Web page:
Because the US is one of the largest contributors to United Nations Population Fund (UNFPA), eliminating US funds to the agency puts the health and rights of the world’s most vulnerable girls and women on the line. Seema Jalan, executive director of the Universal Access Project and Policy at the United Nations Foundation, speaks out against these cuts.
In an administration that’s eviscerating public health and environmental protections, advocates and funders need to work harder and smarter and be more strategic and united than the other side. We need to continue to mobilize the broad grassroots and grasstops coalition that produced an updated toxics law in 2016, marshal our best and brightest minds, and communicate more effectively.
More than 10 years ago, a dozen distinguished, retired three- and four-star generals and admirals came together to study the projected impacts of climate change on our infrastructure and national security. Cheryl Rosenblum, executive director of the CNA Military Advisory Board, shares their findings.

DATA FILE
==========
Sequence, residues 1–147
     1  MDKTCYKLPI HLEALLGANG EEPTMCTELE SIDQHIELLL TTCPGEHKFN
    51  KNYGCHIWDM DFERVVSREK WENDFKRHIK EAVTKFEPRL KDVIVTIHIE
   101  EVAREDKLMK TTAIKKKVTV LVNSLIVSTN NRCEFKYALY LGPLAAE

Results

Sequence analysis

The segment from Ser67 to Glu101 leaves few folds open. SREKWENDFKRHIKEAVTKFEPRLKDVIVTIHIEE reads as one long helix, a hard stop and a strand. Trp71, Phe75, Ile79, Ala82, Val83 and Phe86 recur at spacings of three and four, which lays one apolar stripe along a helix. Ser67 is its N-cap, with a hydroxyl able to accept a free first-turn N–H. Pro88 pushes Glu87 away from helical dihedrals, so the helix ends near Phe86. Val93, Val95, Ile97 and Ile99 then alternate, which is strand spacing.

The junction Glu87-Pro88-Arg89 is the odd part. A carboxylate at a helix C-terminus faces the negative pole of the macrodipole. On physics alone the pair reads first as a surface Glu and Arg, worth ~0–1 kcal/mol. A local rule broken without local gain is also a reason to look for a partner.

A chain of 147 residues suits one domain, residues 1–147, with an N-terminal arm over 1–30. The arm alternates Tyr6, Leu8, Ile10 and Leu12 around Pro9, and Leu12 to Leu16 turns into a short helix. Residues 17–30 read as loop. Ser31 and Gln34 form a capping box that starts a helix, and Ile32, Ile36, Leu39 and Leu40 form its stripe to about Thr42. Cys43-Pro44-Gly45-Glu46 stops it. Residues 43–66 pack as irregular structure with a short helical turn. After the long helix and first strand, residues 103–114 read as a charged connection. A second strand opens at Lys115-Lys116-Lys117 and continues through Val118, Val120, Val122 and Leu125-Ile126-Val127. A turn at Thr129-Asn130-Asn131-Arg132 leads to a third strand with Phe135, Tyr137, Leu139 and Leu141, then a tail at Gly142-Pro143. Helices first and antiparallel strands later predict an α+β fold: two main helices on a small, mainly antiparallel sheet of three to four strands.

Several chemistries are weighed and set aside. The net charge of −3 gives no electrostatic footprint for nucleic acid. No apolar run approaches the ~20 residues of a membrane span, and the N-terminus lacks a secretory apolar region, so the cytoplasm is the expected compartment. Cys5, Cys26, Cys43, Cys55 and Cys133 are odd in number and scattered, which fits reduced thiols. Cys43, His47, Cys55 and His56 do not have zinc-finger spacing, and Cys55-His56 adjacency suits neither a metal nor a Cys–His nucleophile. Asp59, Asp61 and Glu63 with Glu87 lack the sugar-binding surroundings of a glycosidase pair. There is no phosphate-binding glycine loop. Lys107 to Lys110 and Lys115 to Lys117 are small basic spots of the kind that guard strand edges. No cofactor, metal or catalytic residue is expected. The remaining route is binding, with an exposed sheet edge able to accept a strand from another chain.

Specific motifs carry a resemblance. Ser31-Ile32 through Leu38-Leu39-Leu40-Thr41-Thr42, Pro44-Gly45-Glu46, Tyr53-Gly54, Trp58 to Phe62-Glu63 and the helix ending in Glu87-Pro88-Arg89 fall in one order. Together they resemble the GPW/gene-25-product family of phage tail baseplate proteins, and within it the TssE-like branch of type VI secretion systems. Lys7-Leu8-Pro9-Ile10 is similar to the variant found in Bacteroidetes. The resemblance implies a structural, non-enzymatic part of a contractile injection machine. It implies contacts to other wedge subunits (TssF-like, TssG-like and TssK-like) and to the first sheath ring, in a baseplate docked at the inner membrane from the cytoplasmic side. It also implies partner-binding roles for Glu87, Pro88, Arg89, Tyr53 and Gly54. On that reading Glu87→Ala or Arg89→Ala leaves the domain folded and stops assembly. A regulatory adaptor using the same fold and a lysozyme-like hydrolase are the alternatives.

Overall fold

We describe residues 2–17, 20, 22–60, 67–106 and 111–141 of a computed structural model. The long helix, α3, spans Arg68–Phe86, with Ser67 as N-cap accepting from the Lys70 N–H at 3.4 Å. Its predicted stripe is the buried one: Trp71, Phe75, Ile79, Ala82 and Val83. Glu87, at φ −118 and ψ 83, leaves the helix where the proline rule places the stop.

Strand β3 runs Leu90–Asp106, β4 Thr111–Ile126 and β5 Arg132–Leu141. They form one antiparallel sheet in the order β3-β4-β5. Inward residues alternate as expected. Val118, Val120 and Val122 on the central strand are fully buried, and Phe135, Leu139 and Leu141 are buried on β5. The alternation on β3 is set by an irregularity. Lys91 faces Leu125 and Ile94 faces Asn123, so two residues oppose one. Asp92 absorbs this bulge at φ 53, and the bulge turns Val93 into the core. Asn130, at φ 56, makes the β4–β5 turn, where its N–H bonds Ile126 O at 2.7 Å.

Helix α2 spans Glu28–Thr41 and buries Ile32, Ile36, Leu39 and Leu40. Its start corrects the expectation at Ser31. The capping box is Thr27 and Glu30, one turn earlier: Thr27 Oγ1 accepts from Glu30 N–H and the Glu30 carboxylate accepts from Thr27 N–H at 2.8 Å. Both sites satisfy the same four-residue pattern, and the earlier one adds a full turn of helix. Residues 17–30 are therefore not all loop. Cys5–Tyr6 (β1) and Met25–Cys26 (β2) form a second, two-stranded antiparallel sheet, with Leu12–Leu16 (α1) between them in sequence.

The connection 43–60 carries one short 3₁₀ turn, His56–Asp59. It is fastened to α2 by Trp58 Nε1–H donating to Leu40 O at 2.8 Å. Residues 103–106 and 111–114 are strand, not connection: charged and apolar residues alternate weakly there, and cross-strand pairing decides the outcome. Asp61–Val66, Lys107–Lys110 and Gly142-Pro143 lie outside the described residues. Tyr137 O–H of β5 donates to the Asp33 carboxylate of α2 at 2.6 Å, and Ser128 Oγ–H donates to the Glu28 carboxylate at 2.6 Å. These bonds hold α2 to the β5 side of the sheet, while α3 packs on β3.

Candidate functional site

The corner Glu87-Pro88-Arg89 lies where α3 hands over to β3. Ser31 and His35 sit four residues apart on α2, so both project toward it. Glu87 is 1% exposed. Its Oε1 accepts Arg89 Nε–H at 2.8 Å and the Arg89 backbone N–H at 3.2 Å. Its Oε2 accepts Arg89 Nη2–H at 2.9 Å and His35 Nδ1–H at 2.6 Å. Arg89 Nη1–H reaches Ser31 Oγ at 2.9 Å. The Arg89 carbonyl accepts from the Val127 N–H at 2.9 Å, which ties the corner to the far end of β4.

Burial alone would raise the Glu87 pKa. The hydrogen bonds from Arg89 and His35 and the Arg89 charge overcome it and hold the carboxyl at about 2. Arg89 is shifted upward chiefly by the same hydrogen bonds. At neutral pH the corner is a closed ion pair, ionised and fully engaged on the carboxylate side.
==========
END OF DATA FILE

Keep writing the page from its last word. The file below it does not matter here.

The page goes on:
Backed by Rachel’s Network, As You Sow launched its antibiotics shareholder initiative in 2015, working directly with company management to establish better policies and practices. By exerting shareholder power directly with corporations and working with other shareholder advocates like the Interfaith Center on Corporate Responsibility (ICCR) and Green Century, As You Sow has secured strong antibiotics commitments from several of the nation’s largest restaurant companies.
You might not read about these startups on mainstream tech websites, and none of them are based in Silicon Valley. But they’re all advancing the fields of clean energy, sustainable agriculture, and other carbon reduction goals, Paris accord or not.
225 million women in developing countries simply want to avoid getting pregnant but face barriers accessing something that costs on average $25/per person per year to deliver. Seema Jalan, executive director of the Universal Access Project and Policy at the United Nations Foundation, explains how family planning services have allowed one man in Uganda to pursue his gift for environmental entrepreneurship, creating positive ripple effects in his community.